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The benefits of adopting and catering to the mobile retail channel are now indisputable. The explosive growth of mobile commerce worldwide is both bringing in customers from previously neglected demographics (i.e. underbanked and unbanked), and catering to the large percentage of consumers who now use mobile phones to access financial services, make payments, and complete purchases.

However, this transition is bringing a new set of challenges for mitigating online fraud, and online merchants and providers of financial services need to quickly prepare for these challenges in a cost effective manner.

This series of blog posts will discuss:

  • The challenges of balancing risk analysis and user experience for mobile channels.
  • How to address challenges and opportunities by leveraging natural aspects of the mobile channel and user experience.

User Experience and Going Mobile

As with any consumer application, user experience is key, and the companies designing end-to-end user experiences for the mobile channel are the ones driving higher adoption. Most businesses have high expectations of success and are pushing to “go mobile” as fast as possible. However:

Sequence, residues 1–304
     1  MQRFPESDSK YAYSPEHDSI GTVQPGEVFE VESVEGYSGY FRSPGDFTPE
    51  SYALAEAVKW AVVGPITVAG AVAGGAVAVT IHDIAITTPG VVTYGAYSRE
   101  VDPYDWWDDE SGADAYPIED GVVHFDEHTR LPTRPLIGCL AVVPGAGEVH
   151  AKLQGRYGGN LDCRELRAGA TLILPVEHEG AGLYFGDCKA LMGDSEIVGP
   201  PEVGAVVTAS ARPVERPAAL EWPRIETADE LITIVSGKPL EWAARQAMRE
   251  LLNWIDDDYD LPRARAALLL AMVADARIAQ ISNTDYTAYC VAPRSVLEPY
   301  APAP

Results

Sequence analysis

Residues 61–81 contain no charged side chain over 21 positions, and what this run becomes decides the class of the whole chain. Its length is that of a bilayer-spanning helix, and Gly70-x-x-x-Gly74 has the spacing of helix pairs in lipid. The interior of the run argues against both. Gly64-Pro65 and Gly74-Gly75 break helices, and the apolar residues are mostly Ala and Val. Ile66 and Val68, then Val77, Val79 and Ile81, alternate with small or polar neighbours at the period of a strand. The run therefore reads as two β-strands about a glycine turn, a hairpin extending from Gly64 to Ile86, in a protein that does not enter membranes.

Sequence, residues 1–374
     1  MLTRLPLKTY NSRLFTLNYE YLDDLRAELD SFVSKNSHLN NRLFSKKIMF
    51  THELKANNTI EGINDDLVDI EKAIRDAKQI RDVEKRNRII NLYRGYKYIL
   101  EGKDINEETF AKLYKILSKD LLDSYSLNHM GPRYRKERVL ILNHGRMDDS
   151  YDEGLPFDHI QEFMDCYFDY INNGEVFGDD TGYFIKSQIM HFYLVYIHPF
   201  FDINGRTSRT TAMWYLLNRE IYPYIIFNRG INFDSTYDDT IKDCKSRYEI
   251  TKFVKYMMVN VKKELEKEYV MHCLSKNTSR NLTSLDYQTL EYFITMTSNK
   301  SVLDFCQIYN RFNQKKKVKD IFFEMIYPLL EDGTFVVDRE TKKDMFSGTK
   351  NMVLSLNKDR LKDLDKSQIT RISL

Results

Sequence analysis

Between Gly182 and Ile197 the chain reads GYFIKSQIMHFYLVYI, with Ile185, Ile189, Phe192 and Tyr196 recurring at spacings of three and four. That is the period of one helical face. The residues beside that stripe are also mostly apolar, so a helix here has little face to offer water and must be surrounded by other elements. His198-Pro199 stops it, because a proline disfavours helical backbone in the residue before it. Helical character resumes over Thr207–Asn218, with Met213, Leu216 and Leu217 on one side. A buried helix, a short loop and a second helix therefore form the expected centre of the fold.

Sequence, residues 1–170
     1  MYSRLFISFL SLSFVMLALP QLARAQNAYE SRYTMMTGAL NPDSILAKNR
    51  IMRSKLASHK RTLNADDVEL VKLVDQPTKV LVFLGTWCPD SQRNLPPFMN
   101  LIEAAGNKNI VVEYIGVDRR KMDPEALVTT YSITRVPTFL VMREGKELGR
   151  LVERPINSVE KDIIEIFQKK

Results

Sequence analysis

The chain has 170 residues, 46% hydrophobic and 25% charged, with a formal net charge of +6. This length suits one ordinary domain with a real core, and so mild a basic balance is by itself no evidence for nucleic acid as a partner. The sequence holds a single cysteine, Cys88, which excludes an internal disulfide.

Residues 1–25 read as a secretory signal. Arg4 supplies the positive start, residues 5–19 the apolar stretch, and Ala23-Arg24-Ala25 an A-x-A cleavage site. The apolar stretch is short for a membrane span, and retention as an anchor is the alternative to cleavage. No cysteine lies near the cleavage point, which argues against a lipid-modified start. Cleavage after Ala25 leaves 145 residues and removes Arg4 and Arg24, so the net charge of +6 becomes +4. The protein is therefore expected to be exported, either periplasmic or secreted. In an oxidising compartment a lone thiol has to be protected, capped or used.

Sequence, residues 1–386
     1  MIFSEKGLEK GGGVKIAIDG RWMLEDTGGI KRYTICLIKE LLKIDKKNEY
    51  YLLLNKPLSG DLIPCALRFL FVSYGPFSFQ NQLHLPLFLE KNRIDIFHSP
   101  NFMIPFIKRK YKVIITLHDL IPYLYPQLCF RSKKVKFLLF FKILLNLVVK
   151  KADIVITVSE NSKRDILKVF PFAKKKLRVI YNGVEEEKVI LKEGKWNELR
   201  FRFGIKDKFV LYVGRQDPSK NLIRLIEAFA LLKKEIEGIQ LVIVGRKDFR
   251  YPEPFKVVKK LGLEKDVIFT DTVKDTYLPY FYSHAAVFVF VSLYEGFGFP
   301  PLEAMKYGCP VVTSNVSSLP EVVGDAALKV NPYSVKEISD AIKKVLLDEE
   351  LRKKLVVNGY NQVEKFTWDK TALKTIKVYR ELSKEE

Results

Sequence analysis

• Most think their current website is ready for mobile users, which often yields a very small return. Mobile should be recognized as a new channel, separate from online.
  • Some take the time to adapt their website for a better user experience, creating a mobile-friendly version of their website.
  • Few develop a whole new user experience and new, mobile-ready website.
  • Far fewer develop a smart app to control the entire user experience.
  • Very few companies develop a user experience where payments are so well hidden that users don’t think about it.

In short, the more thought and resources you put into the end-to-end user experience, the higher your likelihood of success.

Enabling Mobile Commerce

It’s important to establish a framework to analyze how mobile contributes to your current traffic and configuration. Our solution provides this, but we’re not alone. Your framework should operate as a tool for analysis- to measure activity, identify areas of risk, and to frame the value of different channels. Each channel requires a different approach based on the types of risk it’s exposed to.

Methods of Mobile commerce

  1. Enable commerce from mobile devices (i.e. smart phones/tablets).